20% of Eligible People Miss Out on the Valuable Earned Income Tax Credit

Most people would be thrilled to get thousands deposited in their bank accounts. And yet, 20 percent of individuals eligible to receive that amount through the Earned Income Tax Credit (EITC) miss out on it.

The reason? Most people just don’t know about it. Tax time is approaching fast, so it’s important to make sure you understand what EITC is and how to claim it.

What is the Earned Income Tax Credit?

For many people, working full-time is not enough to pay for all the necessities and bills. For them, the EITC provides significant relief at tax time. Created in 1975, the EITC lowers families’ tax burdens and may actually provide a boost to their income.

Those who do not make a lot of money can get a decreased tax bill, pay no tax, or even get a large refund. You do not have to have children; you just have to work in the previous year to be eligible.

The EITC is a refundable tax credit, which means that it can reduce the amount you owe to the federal government to zero and the unused amount is refunded to you. But the only way to claim the credit is if you specifically file for it on your taxes.

How does the EITC benefit people?

Families can use the credit to boost their savings, pay down debt, or cover any other necessary expenses. For low- to moderate-income households, it’s a big help to meet their needs.

The average EITC recipient received $2,482. In 2016, 26 million people received $65.6 billion through EITC. Some states have similar credits offered to residents which are combinable with EITC, which means that families can get thousands back.

Additionally, the EITC is retroactive, meaning if you were eligible but did not file for it for the previous three years, you can claim it when you file your taxes for 2016.

The impact can be substantial. If a family with three or more children filed for the three years they missed, they could get over $18,000 back.

Yet only four out of five people eligible for the credit actually claim it. That discrepancy is often due to a lack of awareness. Individuals and families who work and are struggling to make ends meet often do not know they are eligible.

Who is eligible for Earned Income Tax Credit?

The qualifications for EITC are simple. To be eligible, you must be a US resident. You must have earned income during the previous tax year and either file as a single individual or married filing jointly.

Those who submit their taxes as married filing separately are not eligible. You need also to fall within the 2016 income limitations on the Earned Income Tax Credit table.

The maximum credits for the 2016 tax year are:

  • $6,269 with three or more qualifying children
  • $5,572 with two qualifying children
  • $3,373 with one qualifying child
  • $506 with no qualifying child

To be eligible, you must either have a qualifying child, or be between the ages of 25 and 65. If you’re a student, you can still qualify for EITC as long as no one can claim you as a dependent and you had some income. As long as you file independently and had a job while in college, you can get the credit.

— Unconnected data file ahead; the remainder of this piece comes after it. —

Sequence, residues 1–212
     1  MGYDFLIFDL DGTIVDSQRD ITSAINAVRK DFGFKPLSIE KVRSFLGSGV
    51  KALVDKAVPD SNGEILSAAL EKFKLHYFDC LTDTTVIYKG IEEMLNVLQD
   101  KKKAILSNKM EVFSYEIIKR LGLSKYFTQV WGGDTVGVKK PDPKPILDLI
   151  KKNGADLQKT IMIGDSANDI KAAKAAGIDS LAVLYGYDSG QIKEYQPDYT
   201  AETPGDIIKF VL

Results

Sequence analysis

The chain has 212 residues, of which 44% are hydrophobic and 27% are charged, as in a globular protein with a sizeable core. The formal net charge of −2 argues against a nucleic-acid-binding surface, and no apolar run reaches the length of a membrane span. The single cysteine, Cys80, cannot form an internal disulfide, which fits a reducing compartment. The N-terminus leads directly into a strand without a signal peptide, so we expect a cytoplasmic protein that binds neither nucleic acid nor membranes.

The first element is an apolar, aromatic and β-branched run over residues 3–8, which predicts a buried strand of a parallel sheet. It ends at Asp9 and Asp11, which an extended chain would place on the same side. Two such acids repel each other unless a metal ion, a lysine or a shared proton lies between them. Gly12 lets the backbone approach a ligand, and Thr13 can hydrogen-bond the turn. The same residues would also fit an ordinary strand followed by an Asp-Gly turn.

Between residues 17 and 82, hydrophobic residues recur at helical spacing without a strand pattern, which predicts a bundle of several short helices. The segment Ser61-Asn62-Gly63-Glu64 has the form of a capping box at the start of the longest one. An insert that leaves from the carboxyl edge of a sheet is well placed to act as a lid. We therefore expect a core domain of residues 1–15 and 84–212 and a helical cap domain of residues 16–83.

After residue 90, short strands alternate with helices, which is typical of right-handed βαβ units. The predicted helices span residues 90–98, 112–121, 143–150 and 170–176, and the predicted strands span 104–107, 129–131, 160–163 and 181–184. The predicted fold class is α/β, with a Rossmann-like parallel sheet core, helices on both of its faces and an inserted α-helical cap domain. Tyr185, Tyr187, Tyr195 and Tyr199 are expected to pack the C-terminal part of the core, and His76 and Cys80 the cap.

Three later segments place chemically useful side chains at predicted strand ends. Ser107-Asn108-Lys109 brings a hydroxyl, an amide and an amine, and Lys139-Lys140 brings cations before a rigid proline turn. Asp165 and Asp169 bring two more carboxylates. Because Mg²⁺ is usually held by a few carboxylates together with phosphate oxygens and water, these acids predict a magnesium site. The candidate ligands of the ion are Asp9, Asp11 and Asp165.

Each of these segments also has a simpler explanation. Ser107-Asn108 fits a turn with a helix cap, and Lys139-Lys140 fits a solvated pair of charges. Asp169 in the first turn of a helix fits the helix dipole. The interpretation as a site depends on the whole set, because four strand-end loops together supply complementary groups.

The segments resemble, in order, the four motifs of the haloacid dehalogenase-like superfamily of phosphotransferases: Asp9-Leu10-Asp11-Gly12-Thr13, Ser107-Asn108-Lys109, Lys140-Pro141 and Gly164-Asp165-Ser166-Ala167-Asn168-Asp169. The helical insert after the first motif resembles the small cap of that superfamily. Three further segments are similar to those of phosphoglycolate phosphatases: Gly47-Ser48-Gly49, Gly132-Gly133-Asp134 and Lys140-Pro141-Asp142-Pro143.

How do I file for Earned Income Tax Credit?

You can only get the EITC if you submit a federal tax return and claim the credit.

If you do your taxes yourself and do not have children, you can claim the credit by filing a Form 1040EZ, 1040A, or 1040. But if you have children, you need to complete the Schedule EIC form with either the form 1040A or the Form 1040.

If you use tax preparation software like TurboTax, the program will prompt you with questions to see if you are eligible for the credit. Many people skip that section because they think they don’t qualify, but go through it to see if you’re eligible for at least some of the credit.

If you want to file your taxes and get EITC for free (and who doesn’t?), you can use Free File, free tax preparation software offered by the IRS. Anyone who makes under $62,000 can use the service without paying a fee.

If you think you need more assistance, don’t pay for tax professionals to help you. You can get free help when filing your taxes by going to a Volunteer Income Tax Assistance (VITA) site.

Staffed by trained professionals, VITA sites offer free, in-person tax filing help to people who make $54,000 or less. To find a location near you, check out the VITA website.

File for EITC

Tax time is just around the corner, and the EITC can help give you some wiggle room in your budget or save you money to make a lump sum payment on your student loans. This year, remember to file for EITC if you qualify and get this valuable tax credit.

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Published in Financial Tips, Taxes

  • It’s amazing how many people miss this! I would have never guessed 4 out of 5. Hopefully this article gets more people to file for the EITC. Great article!

    • Kat Tretina

      Thanks Nick–it really is a shame. Millions of people miss out on a lot of money that could be a big help.

  • Jeff

    You guys are missing an important qualification. The EITC can only be claimed by people between the ages of 25 and 65. A portion of your article says students only need to have earned income and not be eligible to be claimed by anyone else, but they also need to pass the age test. I’d venture to guess that most undergrads are younger than 25.